About 3 years ago, when I was finishing my Master's, I applied for a PhD position in a Canadian university. Everything went well and the professor provided a letter of reference to the members of admission committee indicating his acceptance to be my supervisor and fully fund my research (he sent me the letter to submit along my documents).

But unfortunately due to some personal circumstances I couldn't continue my studies and attend the PhD position.

Now, I am again considering applying for PhD (in some other universities) and was wondering: Can I use this letter of reference as a kind-of letter of recommendation? If so, should I ask his permission?

2 Answers 2


Three things:

1) It's polite to ask someone before putting their name forward as a reference. It's a huge turnoff to have someone get in touch with you unexpectedly saying that you're a reference for someone you didn't think you were a reference for.

2) It's smart to ask someone before putting them forward as a reference, because it gives them a chance to respond to you. It's possible that this person may not be able to give you a good reference at this point in time, and nothing will destroy your chances faster than if the admissions committee follows up with a reference who then says they would not recommend you.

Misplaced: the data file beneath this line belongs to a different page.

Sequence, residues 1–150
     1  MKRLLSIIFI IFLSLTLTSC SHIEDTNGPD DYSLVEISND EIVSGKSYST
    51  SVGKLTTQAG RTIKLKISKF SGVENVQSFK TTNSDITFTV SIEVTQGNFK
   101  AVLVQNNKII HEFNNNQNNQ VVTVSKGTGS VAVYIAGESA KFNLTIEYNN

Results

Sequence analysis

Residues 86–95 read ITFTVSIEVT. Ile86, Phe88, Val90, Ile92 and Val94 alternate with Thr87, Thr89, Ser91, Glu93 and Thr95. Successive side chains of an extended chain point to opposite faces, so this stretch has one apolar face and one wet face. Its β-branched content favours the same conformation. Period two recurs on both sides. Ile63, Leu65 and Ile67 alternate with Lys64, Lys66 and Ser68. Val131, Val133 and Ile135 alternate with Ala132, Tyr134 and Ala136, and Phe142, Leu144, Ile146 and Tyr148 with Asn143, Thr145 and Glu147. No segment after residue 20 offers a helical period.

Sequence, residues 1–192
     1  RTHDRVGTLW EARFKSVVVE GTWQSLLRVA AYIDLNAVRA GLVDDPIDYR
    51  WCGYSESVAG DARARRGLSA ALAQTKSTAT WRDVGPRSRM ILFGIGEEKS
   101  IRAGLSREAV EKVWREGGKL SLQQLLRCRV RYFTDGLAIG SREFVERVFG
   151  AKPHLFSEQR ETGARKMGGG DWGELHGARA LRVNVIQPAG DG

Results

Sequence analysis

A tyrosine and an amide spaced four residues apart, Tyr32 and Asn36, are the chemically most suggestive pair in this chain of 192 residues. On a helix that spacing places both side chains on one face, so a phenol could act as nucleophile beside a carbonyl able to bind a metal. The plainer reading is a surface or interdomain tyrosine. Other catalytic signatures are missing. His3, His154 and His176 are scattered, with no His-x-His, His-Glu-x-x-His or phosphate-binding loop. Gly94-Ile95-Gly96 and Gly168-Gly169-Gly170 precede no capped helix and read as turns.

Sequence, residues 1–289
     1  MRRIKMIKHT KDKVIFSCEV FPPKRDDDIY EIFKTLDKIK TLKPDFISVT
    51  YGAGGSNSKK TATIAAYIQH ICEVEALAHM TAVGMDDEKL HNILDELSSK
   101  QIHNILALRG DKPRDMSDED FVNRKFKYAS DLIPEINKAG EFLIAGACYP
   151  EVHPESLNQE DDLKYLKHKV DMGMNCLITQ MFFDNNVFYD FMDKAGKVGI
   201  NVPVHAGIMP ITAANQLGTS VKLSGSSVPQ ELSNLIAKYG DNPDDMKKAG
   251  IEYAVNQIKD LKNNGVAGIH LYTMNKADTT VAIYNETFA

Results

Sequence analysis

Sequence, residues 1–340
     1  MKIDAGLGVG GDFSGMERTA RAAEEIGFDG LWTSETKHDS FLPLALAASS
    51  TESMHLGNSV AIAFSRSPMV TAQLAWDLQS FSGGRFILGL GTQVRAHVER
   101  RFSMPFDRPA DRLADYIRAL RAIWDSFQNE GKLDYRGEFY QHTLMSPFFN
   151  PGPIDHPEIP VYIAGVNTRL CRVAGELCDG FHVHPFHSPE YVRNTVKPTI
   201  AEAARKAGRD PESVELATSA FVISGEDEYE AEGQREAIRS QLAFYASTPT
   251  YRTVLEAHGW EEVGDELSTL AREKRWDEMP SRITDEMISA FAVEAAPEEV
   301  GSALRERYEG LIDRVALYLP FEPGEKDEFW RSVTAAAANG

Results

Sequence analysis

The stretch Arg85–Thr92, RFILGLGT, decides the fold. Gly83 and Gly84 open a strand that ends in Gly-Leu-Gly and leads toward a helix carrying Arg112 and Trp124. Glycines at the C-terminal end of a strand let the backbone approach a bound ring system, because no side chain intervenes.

3) In this case it sounds like the letter of reference might be highly specific to that institution: "I have the funding to work with this student and want them to do a PhD with me." That's a nice thing to say about someone, but it's not really a general purpose reference. Ideally, applying to a PhD program, you want a letter to explain why you're a great asset to a research program.

If you still want to use this letter, then be sure to ask the reference before you do so.


You may be able to use the letter of reference, but I would absolutely ask their permission, and give them the copy to see if they want to update it.

A couple reasons for this:

  1. It's polite. Essentially, you are asking to speak on their behalf about you. You should ask before you do that.
  2. Not doing so risks them being blindsided. What if the people reviewing your letter call him for a followup? Being taken by surprise is not going to leave anyone with a favorable impression of you.
  3. It allows them to re-tailor the letter - touching on more recent accomplishments, targeting it to where you're going now, etc.

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